Think about how you can get across your event objectives by telling a story in a unique way; pre-event through engaging marketing techniques, at the event with interactive educational sessions, and post-event through open forums and social media prompts.

Get Creative

Choose Your Own Adventure books are incredibly popular for children because they not only put power in the hands of the reader, they allow the reader to discover several unique, successful or unsuccessful ways to get from the start to the end of the story. The story itself might be the same, but it’s up to the person observing the story to find it’s truth and get some meaning out of it. Why not apply the same concept to your event? Let your participants discover their own story within the bigger story of your program, then showcase it in a unique way, for example visually by creating an image that shares an impactful memory from the program – like Dear World does.

You could also apply this concept to the overall program by having participants choose the path (or learning track) ahead of time and craft each track so that it follows a sequential ‘story’ finishing with an end goal; the end to their story. For example, if I was on the “Learning to Negotiate” track at a conference, I might start with an introduction to public speaking class and end with a masterclass on assertiveness. My journey to becoming a negotiating ninja would then be told by the way I approach the program: my story!

Leverage It

Beyond simply using storytelling to sell tickets or aid in retention at education sessions, crafting a story around your event extends the shelf life of your message. Every great story gets passed around out of excitement – think of all the silly stories that go viral online every day. There’s power in the people, and power in your participants and their networks. A event planner friend of mine experienced a huge bump in business after she started hand selecting, framing, and sending off group photos from her events to her clients as a reminder of the wonderful memories they created and the positive ‘story’ of her events. Social media is another great tool to continue the conversation (and give prospective participants FOMO for the next one) – and there are even dedicated apps for generating stories from hashtags that can pull your event together into a cohesive narrative for the outside world to see.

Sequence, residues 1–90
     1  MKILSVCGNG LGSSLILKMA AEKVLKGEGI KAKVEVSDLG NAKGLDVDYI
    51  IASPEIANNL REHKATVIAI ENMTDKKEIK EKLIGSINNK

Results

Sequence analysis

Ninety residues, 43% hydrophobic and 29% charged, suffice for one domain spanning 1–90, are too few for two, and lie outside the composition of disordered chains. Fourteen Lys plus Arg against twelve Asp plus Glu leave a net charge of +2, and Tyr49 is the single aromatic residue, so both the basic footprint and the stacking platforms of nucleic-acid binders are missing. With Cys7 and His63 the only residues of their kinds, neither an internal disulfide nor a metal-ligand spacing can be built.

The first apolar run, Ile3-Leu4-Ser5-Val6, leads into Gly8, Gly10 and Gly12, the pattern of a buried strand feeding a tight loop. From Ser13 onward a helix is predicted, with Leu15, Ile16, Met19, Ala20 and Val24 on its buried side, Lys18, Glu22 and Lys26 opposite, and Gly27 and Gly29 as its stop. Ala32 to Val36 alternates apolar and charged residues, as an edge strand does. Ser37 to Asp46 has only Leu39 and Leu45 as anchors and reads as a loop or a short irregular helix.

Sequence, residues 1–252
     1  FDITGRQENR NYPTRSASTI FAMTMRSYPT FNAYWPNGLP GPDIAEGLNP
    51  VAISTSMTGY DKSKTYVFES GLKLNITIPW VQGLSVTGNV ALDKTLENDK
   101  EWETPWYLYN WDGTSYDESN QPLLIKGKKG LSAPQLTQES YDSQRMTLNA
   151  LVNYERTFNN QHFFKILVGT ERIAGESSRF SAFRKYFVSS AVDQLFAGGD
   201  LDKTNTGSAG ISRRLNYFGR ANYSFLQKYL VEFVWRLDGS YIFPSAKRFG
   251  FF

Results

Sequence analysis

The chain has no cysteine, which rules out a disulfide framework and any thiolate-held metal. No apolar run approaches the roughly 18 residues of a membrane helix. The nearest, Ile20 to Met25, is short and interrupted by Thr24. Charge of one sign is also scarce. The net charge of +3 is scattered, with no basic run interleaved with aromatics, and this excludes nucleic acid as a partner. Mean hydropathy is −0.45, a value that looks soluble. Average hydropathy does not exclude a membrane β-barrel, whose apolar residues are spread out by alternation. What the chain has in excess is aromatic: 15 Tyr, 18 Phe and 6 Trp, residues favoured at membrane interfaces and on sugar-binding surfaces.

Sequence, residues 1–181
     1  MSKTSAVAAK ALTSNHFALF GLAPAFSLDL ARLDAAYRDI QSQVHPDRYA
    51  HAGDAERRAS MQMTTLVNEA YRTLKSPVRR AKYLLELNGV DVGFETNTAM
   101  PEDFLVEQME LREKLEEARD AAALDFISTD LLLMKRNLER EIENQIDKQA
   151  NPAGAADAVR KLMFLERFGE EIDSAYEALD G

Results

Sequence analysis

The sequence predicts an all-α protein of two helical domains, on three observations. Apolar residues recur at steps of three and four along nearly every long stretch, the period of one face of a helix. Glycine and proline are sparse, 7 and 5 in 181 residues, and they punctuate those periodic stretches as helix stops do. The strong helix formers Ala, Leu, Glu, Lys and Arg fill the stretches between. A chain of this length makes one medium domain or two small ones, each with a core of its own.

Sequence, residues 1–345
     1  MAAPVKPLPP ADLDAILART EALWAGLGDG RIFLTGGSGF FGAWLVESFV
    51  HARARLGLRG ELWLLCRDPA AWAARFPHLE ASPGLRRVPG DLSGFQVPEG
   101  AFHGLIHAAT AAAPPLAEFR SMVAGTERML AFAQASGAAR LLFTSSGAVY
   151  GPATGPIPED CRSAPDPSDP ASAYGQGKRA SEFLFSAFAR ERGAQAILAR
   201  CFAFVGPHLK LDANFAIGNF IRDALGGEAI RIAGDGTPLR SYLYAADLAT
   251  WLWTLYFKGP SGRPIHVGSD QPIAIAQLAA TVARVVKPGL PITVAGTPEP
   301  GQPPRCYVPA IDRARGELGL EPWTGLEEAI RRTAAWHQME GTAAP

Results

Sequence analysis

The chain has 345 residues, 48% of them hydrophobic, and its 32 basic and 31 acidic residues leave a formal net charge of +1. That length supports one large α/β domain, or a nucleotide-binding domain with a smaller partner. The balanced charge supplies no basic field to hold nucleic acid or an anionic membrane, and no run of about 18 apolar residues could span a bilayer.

In Conclusion

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Every event should tell a memorable story that lasts beyond the confines of its venue. Think about the unique ways you can weave the power of storytelling into every component of your event when you begin your design phase for maximum impact, and remember, those who tell stories rule the world.

About The Author
Jenny Stanfield
Jenny Stanfield is the Lead Event Producer at Engagement Unlimited. She is a passionate, creative event professional who was recently awarded PCMA’s 20 in their Twenties distinction. Her focus is pushing the boundaries of group engagement and maximizing learning and networking at events. Follow her @thejenstanfield.
Julius Solaris
Editor, Julius Solaris